2004 Mitsubishi Pajero GLS 3.2 DID
Very comfortable and versatile
Timing chain broke - destroying engine.
Leaking oil pressure sensor. Replaced it myself, part was about $40.
Intercooler cracked, causing large emissions of soot from the exhaust. Bought a new one on eBay for about $600, replaced myself.
I bought this car as I wanted a 4x4 that was as safe as possible, but with proper off-road ability. The NP Pajero fulfills that criteria better than an equivalent year Prado or Land Cruiser.
It has electronic stability control, as well as full time 4x4 if you choose, plus airbags and an inherently strong one piece body.
The engine was a little noisy when I got it, and had a flat spot at 1800 RPM. They are an inherently fairly noisy diesel though. After about 6 months I was driving it and the engine died, it had mashed itself, caused by a broken timing chain. I suspect in hindsight the chain was stretched, which can happen if the tensioner over-ratchets. The noisiness and flat spot in hindsight were warning signs, but being new to the car I didn't pick them up. $5000 got me a second hand motor supplied and installed. Since then, no issues at all. The new engine revs smoothly and is quite powerful above 2000 revs. Overtaking on the highway is easy.
The intercooler had been bent by the previous owner and eventually cracked. They are in a low down position at the front and can be susceptible to damage. A heavy gauge aftermarket bash plate is good insurance to protect this area much better than the flimsy factory guard.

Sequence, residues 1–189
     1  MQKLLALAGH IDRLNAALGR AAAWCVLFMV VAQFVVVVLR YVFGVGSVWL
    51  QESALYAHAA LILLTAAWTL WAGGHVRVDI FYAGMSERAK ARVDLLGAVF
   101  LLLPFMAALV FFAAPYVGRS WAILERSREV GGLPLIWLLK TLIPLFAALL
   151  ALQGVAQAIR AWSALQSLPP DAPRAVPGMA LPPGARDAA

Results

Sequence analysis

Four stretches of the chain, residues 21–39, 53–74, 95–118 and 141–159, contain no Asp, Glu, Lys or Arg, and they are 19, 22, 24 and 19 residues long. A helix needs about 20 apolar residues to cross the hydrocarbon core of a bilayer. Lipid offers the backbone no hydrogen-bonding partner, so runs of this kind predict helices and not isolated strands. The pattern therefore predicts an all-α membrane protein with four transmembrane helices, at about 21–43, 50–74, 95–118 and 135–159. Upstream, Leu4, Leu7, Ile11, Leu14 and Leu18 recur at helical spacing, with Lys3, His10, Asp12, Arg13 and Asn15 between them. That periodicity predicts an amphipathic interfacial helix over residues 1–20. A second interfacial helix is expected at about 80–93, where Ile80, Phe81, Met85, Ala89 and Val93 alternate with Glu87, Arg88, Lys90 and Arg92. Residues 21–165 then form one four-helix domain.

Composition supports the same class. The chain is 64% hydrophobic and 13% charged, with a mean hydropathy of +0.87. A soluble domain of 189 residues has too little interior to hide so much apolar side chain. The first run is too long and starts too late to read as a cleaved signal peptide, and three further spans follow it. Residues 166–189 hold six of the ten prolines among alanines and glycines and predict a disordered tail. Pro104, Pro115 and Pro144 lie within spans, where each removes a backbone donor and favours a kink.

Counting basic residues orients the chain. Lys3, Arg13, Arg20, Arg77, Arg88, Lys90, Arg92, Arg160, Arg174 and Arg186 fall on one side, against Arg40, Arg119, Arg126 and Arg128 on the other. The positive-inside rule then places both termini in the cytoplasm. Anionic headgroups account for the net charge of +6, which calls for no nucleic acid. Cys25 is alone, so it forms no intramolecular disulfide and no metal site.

The car is very comfortable, and the front seats are generous and well supported. Braking is good. The air con is great. Boot space is very good, especially with a cargo barrier so you can stack it high. I removed the rear boot seats, which gives a very handy underfloor storage space, good for ropes, gloves, pump, etc. Fuel economy is about 10L/100 km and is very consistent. I drive a mix of highway and country town urban.
Would you buy another car from this manufacturer? Yes
Review Date: 30th January, 2016
1st Jun 2017, 00:37
I realise this is comparing apples with bananas, but spending $5,000 (presumably Australian) on a 2004 vehicle. At auction here in Japan, you could replace the vehicle for that sort of money.
14th Sep 2018, 12:54
The car was worth about 20k Australian at the time the engine died. Sure 5k for a new engine was expensive, but there was no other option as the failure was catastrophic. And I have since done 5 years of trouble free motoring; the car is now up to 275k. Market value currently about 10k Australian.